net asset value per share

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Net Asset Value Per Share

The expression of the value of a company or fund per share. In the case of a mutual fund, this is the per share prorated value of the securities underlying the fund. It is calculated once per day at the end of the trading day and functions as the share price of the mutual fund for the next trading day.

In the case of an exchange-traded fund, closed-end fund, or stock, this is the expression of the underlying value of the company or fund per share. That is, it is a statement of the value of the company's assets themselves minus the company's liabilities and the difference divided by the number of outstanding shares. One way of thinking about the net asset value per share is that it is the underlying value of the share, not the value dictated by the supply and demand of shares. Because cost accounting tends to undervalue the value of certain assets, the net asset value per share is usually lower than the market price of shares. It is also called the book value per share.
Farlex Financial Dictionary. © 2012 Farlex, Inc. All Rights Reserved

net asset value per share (NAV)

A valuation of an investment company's shares calculated by subtracting any liabilities from the market value of the firm's assets and dividing the difference by the number of shares outstanding. This factor illustrates the amount a shareholder would receive for each share owned if the fund sold all its assets (stocks, bonds, and so forth) at their current market value, paid off any outstanding debts with the proceeds, and then distributed the remainder to the stockholders. In general, net asset value per share is the price an investor would receive when selling a fund's shares back to the fund. Net asset value per share is similar in concept to book value per share for other types of firms.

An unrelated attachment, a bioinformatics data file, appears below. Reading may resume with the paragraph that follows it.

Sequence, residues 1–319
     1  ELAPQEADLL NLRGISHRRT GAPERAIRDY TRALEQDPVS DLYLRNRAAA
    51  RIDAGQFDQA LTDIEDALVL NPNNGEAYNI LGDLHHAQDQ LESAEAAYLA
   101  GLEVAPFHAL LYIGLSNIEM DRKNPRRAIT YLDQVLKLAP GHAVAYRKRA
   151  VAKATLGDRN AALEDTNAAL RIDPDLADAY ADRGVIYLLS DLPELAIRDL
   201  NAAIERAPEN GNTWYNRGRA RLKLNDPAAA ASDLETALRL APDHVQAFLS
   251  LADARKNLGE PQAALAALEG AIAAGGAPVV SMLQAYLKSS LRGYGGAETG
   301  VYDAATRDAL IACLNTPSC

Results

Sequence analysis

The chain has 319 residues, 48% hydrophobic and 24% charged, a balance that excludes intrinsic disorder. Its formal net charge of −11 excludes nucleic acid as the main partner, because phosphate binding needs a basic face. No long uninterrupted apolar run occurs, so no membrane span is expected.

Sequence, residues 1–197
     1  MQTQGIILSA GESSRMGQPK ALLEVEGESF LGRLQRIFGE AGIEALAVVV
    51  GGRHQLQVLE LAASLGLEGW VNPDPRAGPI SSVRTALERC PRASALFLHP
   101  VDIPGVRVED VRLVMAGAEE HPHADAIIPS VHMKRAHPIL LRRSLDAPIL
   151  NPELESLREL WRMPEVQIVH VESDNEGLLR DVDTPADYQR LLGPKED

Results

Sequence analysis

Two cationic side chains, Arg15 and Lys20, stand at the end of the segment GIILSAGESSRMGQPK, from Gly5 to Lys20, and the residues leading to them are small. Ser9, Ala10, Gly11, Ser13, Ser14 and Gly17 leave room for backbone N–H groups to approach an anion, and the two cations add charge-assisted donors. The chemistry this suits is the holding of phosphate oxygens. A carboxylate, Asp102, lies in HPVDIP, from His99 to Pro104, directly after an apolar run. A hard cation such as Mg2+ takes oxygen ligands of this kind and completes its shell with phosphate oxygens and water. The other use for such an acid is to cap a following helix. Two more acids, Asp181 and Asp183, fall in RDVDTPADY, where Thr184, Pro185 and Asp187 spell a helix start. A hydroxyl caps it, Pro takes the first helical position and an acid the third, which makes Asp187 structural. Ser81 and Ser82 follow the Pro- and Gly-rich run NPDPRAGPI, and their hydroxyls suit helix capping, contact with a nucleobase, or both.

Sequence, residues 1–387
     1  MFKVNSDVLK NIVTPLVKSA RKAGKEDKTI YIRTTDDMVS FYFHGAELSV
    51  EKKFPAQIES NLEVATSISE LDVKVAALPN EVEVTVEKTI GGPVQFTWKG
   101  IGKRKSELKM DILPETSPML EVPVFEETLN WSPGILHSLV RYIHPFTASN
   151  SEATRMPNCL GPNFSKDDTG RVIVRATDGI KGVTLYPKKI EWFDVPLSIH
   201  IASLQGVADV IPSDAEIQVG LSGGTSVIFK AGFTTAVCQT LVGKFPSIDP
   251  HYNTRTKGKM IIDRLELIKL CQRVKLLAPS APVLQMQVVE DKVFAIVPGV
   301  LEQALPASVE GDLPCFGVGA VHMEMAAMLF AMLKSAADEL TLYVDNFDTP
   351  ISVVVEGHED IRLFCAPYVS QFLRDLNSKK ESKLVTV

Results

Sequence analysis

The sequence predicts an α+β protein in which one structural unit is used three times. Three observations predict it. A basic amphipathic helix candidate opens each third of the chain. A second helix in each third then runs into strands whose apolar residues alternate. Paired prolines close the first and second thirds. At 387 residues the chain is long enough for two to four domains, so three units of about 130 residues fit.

Case Study Net asset value, the Holy Grail for mutual fund investors, isn't always what it indicates. A mutual fund's shares are issued and redeemed at a price based on the fund's net asset value. Net asset value, in turn, is based on the value of securities held in a fund's portfolio. A mutual fund with 100,000 shares outstanding and holding a portfolio valued at $1 million has a net asset value of $10. An accurate net asset value depends on an accurate valuation of assets in the portfolio. Valuation isn't a problem when a mutual fund owns large publicly traded securities. Valuation can be a problem when a mutual fund holds securities that are seldom traded. In 2000 two high-yield municipal bond funds operated by Heartland Advisors, Inc., of Minneapolis slumped in value when the funds reduced the values at which bonds were being carried in the two funds' portfolios. The one-day declines amounted to a mind-boggling 77% for one fund and 44% for the other fund. During the next month the two funds increased in value by 24% and 7%, respectively, after Heartland directors assumed the responsibility of pricing the funds' bonds, which had earlier been priced by an independent firm. Accurate pricing of securities can be particularly difficult in cases in which liquidity is limited, as is the case with many small issues of nonrated debt. Heartland fund shareholders filed numerous federal lawsuits alleging that the funds were carrying the bonds at inflated values.
Wall Street Words: An A to Z Guide to Investment Terms for Today's Investor by David L. Scott. Copyright © 2003 by Houghton Mifflin Company. Published by Houghton Mifflin Company. All rights reserved. All rights reserved.
References in periodicals archive ?
The balanced fund, with a March NAVPS of 3.9334, had one-year return of 30.09 percent, a three-year return of 89.01 percent and a five-year return of 103.63 percent.